To support this, Elia explained that, following a lean start-up development model, Gerber had conducted an extensive pilot programme of more than 200 “test-drives”, asking existing YuniquePLM users to help to shape their cloud roll-out, and promoting rapid, agile response to their suggestions. And, speaking during the later panel discussion, Pierre Steckmeyer of Amazon Web Services extolled the extended benefits of cloud computing. “With a low, variable cost, you obtain agility and speed, because new technologies are almost instantly-accessible,” Steckmeyer explained. “Rather than estimating what you might need in the way of computing power – mapping peaks and averages – what you need is always available to you, and this is a fundamental transformation in our relationship with technology. Your virtual infrastructure in the USA can be replicated in Sao Paolo or Dublin in an instant, giving you the opportunity to experiment practically without risk.”
With the cloud-based version of YuniqePLM now available, I had the opportunity to sample the test drive process (readers can try it for themselves at http://testdrive.yuniqueplm.com) and found it an extremely interesting prospect – and one I’m yet to see another vendor offer. It’s not uncommon for retailers and brands to approach the selection of a new or replacement solution with no real understanding of the current capabilities of either new software, or the latest version of their incumbent vendor’s product. Being able to spin up a time limited, grid-hosted instance at home represents an extremely compelling way to interact with a product when a traditional demonstration, on-site or remote, is impractical or undesirable.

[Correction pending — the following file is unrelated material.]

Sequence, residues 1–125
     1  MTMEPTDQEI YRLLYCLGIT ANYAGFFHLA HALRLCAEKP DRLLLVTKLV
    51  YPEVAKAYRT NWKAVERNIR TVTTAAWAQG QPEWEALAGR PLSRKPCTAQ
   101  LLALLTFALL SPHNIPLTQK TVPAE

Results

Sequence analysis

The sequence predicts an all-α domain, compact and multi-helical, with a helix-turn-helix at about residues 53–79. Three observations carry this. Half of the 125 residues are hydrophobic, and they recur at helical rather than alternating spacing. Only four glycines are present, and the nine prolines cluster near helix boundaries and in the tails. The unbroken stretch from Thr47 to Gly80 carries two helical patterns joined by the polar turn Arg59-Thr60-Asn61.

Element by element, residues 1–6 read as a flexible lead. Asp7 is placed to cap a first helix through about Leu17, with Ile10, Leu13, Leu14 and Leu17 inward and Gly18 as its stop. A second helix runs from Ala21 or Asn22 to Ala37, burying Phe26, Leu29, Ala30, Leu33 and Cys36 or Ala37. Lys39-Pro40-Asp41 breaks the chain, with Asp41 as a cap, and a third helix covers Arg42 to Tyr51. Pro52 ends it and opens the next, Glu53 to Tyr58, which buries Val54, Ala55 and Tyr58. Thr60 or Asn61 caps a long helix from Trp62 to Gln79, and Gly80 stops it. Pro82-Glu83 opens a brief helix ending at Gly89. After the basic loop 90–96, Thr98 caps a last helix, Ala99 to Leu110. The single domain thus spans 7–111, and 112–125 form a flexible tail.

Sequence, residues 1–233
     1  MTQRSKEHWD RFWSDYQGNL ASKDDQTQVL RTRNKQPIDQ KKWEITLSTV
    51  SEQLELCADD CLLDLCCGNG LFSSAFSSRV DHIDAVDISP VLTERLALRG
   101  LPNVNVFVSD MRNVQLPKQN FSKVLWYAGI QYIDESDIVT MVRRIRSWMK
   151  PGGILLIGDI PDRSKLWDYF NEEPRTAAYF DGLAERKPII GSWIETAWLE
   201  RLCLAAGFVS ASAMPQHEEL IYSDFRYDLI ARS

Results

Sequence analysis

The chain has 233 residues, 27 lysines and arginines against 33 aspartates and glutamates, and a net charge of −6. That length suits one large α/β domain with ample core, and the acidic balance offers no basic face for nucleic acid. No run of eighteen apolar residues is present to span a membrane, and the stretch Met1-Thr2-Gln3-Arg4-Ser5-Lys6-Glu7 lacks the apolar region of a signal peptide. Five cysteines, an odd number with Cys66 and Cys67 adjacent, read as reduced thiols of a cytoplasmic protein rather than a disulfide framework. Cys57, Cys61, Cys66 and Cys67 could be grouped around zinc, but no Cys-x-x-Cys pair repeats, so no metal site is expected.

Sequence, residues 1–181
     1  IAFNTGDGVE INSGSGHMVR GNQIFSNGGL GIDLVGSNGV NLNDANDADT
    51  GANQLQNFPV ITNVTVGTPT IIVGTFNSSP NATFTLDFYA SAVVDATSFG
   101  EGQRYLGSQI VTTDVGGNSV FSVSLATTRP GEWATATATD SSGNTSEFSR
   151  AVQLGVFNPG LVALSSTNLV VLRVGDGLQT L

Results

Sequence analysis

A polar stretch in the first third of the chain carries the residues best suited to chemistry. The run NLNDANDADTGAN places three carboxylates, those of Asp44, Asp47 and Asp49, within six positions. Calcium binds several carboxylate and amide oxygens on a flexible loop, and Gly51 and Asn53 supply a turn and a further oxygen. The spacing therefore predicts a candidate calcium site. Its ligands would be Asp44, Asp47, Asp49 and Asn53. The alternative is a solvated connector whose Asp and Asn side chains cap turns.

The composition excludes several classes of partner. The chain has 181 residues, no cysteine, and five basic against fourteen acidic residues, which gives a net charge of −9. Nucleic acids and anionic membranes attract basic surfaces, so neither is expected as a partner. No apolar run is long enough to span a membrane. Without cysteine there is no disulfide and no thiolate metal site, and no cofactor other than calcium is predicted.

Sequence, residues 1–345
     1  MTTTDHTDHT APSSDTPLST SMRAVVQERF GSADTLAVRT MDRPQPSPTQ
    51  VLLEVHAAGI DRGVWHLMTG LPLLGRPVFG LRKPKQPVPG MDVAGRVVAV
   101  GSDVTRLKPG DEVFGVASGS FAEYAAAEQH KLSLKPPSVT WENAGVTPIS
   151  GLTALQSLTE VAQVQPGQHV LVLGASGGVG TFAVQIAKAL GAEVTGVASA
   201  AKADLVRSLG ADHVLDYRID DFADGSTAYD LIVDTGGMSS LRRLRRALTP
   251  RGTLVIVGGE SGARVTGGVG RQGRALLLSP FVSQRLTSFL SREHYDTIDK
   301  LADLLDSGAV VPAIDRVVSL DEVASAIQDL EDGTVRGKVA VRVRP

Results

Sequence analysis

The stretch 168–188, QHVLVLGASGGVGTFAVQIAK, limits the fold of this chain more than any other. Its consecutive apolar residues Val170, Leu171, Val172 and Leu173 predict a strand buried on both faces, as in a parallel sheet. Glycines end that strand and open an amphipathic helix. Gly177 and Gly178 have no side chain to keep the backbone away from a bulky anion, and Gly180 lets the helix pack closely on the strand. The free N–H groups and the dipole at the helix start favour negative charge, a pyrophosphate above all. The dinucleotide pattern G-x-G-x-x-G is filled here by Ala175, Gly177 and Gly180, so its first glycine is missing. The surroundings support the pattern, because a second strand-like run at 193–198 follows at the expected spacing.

With other vendors offering cloud-based solutions (some tailored specifically for the needs of small businesses) WhichPLM fully expects that this kind of intelligent use of off-site hosting will become one of the next major areas of differentiation for PLM vendors competing to acquire new customers, whatever their size.
And although he remained focused on functionality rather than finances, Elia did close his presentation by mentioning Gerber Technology’s market performance. Company-wide, revenue is up 6% year on year, and earnings up by 45% judged on the same basis. Rather than put a figure on investment, Elia articulated his hope that this will be self-evident in the speed and scope of the vendor’s new releases. “What matters to us is that the investments we make deliver the solutions our customers want,” he said. “It’s not about what we spend, but what we deliver.”
Elia was followed on stage by Karsten Newbury (Vice President and General Manager of Software Solutions) who talked about the technology-driven trends that are creating the future in which these innovations will deliver their value.